Celia Hart's blog about what's going on in and around her studio.
Art, printmaking, inspirations, gardening, vegetables, hens, landscapes, wild flowers, East Anglia, adventure, travel.

Saturday 4 May 2013

PPP now means Pigeon Proof Pen

Hello! I've had an enforced break from blogging (reason: illusive cable snappage = no broadband) but I'm back and I'd like to welcome anyone who has found Purple Podded Peas via this lovely recommendation by that very nice chap Ryan in a rather good magazine called The Edible Garden (I'm not a huge reader of gardening mags, but this one is full of very interesting stuff).

So, what's all this about Purple Podded Peas? Regular visitors to my blog will know that I ramble on about all sorts of things, including our garden; but the peas haven't played a major role for the past couple of years mainly do to the ****ing pigeons. Now, I don't usually swear and I hardly ever cry, but the ****ing pigeons have made me do both over the past two or three growing seasons. I used to be able to grow tall wigwams of beautiful heritage peas with just a few pigeon-distraction measures in the early stages of growth. THEN (I can feel myself getting angry and upset just remembering this) the ****ing pigeons used nasty tactics; they waited until my peas were tall and covered with beautiful flowers and tiny pods and in a dawn raid they demolished the lot!

Something had to be done.
a) I could give up growing peas (I have saved seeds of over a dozen heritage varieties, most with purple pods) – that's not going to happen
b) I could buy an air gun, learn how to use it and live on pigeon breast terrine – I seriously considered this option
c) I could install a 'fruit cage' – previously ruled out due to huge expense

Earlier this year I noticed a tiny advert in a national newspaper: Henry Cowles - netting made in Britain since 1889, could they supply the solution at a price I could afford? . . . yes they could! AND what's more, the cage is made to measure so it perfectly fits over two of the raised beds in our vegetable garden :-)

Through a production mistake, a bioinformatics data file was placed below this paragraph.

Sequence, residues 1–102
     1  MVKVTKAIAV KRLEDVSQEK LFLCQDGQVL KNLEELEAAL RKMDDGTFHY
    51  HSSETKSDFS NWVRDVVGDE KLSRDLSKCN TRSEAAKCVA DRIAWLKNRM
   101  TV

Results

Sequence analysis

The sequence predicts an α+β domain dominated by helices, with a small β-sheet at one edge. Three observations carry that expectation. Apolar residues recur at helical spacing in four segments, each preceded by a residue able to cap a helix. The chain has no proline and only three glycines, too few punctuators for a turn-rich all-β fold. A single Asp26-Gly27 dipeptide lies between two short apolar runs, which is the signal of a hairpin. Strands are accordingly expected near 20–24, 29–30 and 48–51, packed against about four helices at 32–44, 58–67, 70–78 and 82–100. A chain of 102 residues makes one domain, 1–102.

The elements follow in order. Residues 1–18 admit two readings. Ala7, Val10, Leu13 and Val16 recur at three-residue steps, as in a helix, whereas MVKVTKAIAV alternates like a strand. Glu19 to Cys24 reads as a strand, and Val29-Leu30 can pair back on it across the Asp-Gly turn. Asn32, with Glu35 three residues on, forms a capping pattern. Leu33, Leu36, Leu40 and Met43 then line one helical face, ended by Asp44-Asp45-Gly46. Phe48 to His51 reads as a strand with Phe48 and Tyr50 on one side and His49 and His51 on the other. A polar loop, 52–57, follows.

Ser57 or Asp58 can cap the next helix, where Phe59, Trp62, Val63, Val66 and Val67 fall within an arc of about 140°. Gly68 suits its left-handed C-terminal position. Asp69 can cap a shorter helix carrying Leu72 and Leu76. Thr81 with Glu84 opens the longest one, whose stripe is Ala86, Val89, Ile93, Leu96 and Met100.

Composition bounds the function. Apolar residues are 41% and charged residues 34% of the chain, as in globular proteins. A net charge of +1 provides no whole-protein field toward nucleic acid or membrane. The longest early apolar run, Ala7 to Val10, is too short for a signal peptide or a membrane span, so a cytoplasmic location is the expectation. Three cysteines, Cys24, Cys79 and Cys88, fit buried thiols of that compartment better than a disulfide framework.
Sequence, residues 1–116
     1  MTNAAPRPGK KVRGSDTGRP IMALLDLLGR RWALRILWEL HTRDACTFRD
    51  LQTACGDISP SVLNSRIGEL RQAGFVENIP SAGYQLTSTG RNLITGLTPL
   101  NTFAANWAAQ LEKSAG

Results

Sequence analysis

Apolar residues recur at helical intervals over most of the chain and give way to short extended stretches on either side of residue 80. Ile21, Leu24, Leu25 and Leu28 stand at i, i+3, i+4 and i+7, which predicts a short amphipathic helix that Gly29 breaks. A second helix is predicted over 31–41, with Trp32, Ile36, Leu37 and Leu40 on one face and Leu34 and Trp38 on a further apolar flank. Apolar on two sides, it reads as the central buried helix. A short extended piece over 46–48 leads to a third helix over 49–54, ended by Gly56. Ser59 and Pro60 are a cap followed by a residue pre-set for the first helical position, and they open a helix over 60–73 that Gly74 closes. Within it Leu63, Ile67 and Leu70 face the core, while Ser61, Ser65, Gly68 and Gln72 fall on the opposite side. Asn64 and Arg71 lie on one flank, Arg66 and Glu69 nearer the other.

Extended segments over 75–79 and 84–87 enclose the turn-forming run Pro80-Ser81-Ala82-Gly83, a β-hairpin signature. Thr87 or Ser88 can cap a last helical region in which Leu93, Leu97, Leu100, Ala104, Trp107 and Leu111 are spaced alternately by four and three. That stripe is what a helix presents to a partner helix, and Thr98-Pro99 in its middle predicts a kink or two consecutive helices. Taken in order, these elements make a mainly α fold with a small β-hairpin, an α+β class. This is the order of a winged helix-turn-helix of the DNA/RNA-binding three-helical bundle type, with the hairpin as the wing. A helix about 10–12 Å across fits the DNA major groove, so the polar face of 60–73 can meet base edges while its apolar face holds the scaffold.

The cage arrived . . . and it had to be constructed. Luckily I have a very tall person who was up to the task :-) 

The Pigeon Proof Pen (as it will now be called) has made me deliriously happy . . . for the price of one designer shoe my peas can grow, safe in the knowledge that the squadron of elite attack pigeons cannot harm them :-)

I start the peas in large deep pots in the greenhouse, when they are a few inches tall and with good roots, I plant then out around wigwams made of canes (home harvested form a giant miscanthus grass) and twiggy sticks (prunings from the garden shrubs)

One half of the Pigeon Proof Pen is now planted with five wigwams: Shiraz Purple Podded Mangetout, Tutankhamun, Curruther's Purple Podded, Robinson and Salmon Flowered.

The wigwams will be interplanted with various varieties of lettuce and brassicas.

Thanks to the Pigeon Proof Pen, the Purple Podded Peas have returned to the PPPs Blog!



  1. Fresh garden peas with pigeon breast terrine - even better!
    Btw, welcome back ;-)

  2. Glad you've found a way to thwart the blighters. The first taste will be so sweet this year!

  3. Now I hate to worry you but did you know that pigeons can tunnel - apparently they played a major part in 'The Great Escape' - so watch out for any that might be wielding spades or wearing baggy trousers ;) Jane x